Fall is political party conference season in Britain. This year, it’s also the scene of a race to the bottom for dismal economic policies.
All the major parties have offered up some economic ideas that are worse than useless, but winning by a mile is the ultra-left Labour Party, led by Jeremy Corbyn.
The matter in question is the country’s chronic housing affordability crisis. Ground zero for the mess is the capital London, where home prices more than doubled from January 2004 through July 2017, according to the latest data from the UK’s Office of National Statistics. Salaries have not risen so much.
While the main problem is the high prices – rents are elevated as well — the matter could get solved through more construction, which would increase supply. But that takes time. Instead, Britain’s politicians have decided to pander to populism.
Political leaders are endorsing the popular demands for “more protectionism or social safety nets against globalization, labor market uncertainty, and unchecked capitalism,” says Ivo Pezzuto, professor of global economics at ISM Business School in Paris.
But just because an idea is popular doesn’t stop it from being stupid. Here’s the skinny on these less than adequate policies along with some suitable awards.
Bronze medal for the PM
Let’s start in reverse order with Prime Minister Theresa May’s plan.
“Today, I can announce that we will invest an additional £2bn in affordable housing,” she said at her party conference earlier this month. That’s around $2.7 billion.
Given the extent of the problem, her plan would be as futile as trying to bail out a sinking battleship with a teaspoon.
Let’s do the math. The average price of a home in London was 489,000 Britsh pounds ($650,000) in July, ONS data says. If all the new government-funded apartments and houses get built there, then Theresa May’s extra money adds around 4,000 dwellings.
It isn’t just a drop in the bucket; it is a drop in the ocean.
May did add that the government will make sure that land is available for commercial builders to construct new dwellings. But it doesn’t tackle the problem that banks are still reticent to lend and any construction in the UK is bedeviled by regulations that hamper the efforts to increase supply.
‘Blame the foreigners’ gets the silver medal
Vince Cable, leader of the center-left Lib-Dems, suggested something worse. His idea is to hit foreign investors who are buying up Britain’s real estate.
“I want to see fierce tax penalties on the acquisition of property for investment purposes, by overseas investors,” he said at his party conference last month.
It’s the old ploy of blaming the foreigners or the bankers. In this case, you get two for the price of one: foreign investors.
His idea won’t solve the housing crisis, because one way or another investors who want to do so will circumvent the penalties. Either they will purchase real estate in New York or Paris, or they will devise schemes to avoid detection.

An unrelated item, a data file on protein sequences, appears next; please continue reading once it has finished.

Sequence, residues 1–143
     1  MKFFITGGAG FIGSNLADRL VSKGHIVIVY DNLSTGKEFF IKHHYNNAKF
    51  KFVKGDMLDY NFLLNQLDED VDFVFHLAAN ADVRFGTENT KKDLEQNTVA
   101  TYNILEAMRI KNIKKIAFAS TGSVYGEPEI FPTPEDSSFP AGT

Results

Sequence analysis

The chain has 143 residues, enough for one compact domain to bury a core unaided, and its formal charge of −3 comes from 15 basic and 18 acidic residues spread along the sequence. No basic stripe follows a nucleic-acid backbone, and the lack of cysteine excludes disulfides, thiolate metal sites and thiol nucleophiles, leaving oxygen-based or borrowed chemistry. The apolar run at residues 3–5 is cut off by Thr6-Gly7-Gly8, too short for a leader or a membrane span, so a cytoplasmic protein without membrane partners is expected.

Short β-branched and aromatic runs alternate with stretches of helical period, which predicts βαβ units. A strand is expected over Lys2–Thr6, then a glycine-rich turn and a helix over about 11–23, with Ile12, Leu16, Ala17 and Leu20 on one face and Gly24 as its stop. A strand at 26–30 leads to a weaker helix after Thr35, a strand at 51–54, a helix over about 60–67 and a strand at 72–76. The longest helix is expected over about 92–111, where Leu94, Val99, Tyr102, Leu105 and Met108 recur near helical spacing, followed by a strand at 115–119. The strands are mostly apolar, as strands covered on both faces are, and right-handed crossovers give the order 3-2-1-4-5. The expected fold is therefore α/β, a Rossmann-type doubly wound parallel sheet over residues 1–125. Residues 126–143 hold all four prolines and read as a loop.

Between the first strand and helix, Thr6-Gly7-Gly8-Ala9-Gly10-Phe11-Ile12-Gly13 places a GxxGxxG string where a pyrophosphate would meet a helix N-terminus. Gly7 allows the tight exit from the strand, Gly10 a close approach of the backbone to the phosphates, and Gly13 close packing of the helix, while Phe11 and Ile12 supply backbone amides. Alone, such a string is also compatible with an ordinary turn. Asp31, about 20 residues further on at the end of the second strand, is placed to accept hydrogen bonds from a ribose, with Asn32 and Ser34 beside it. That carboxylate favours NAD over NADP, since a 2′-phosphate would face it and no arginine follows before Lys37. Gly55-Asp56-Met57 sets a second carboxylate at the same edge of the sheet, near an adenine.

Also, his idea creates a new problem. Just like the U.S., the UK runs a large trade deficit. This is always the case when a country imports more than it exports. To make up the difference the country needs capital.
The capital can come from selling government bonds – in the U.S. case, typically purchased by China. Or in this instance, it comes in the form of cash to buy British property.
Without the real estate cash, there will be less capital headed to the UK, which wouldn’t be good for its economy.
Corbyn gets the gold medal
But it is Corbyn’s idea that takes the cake. He wants to introduce rent control, which will likely make the situation even worse.
“If you love access to housing, then by definition you must loathe rent control because it drives away the people who provide the housing, the investors,” says John Tamny, director of the Center for Economic Freedom at FreedomWorks. “The man of people must hate the people.”
Most housing gets built by business people and investors who put up money to buy land and materials to construct new dwellings. They do this in the hope of making a profit. If the rents get capped at below-market rates by the government, then there is little incentive for investors to invest their capital in home-building projects.
The result is simple. There will be fewer housing units built, which is the exact opposite of what the country needs. One economist sums it up well.
“Given the severe shortage of housing a move to impose rent control would surely exacerbate the problem,” says Joe Brusuelas, chief economist at professional services firm RSM.
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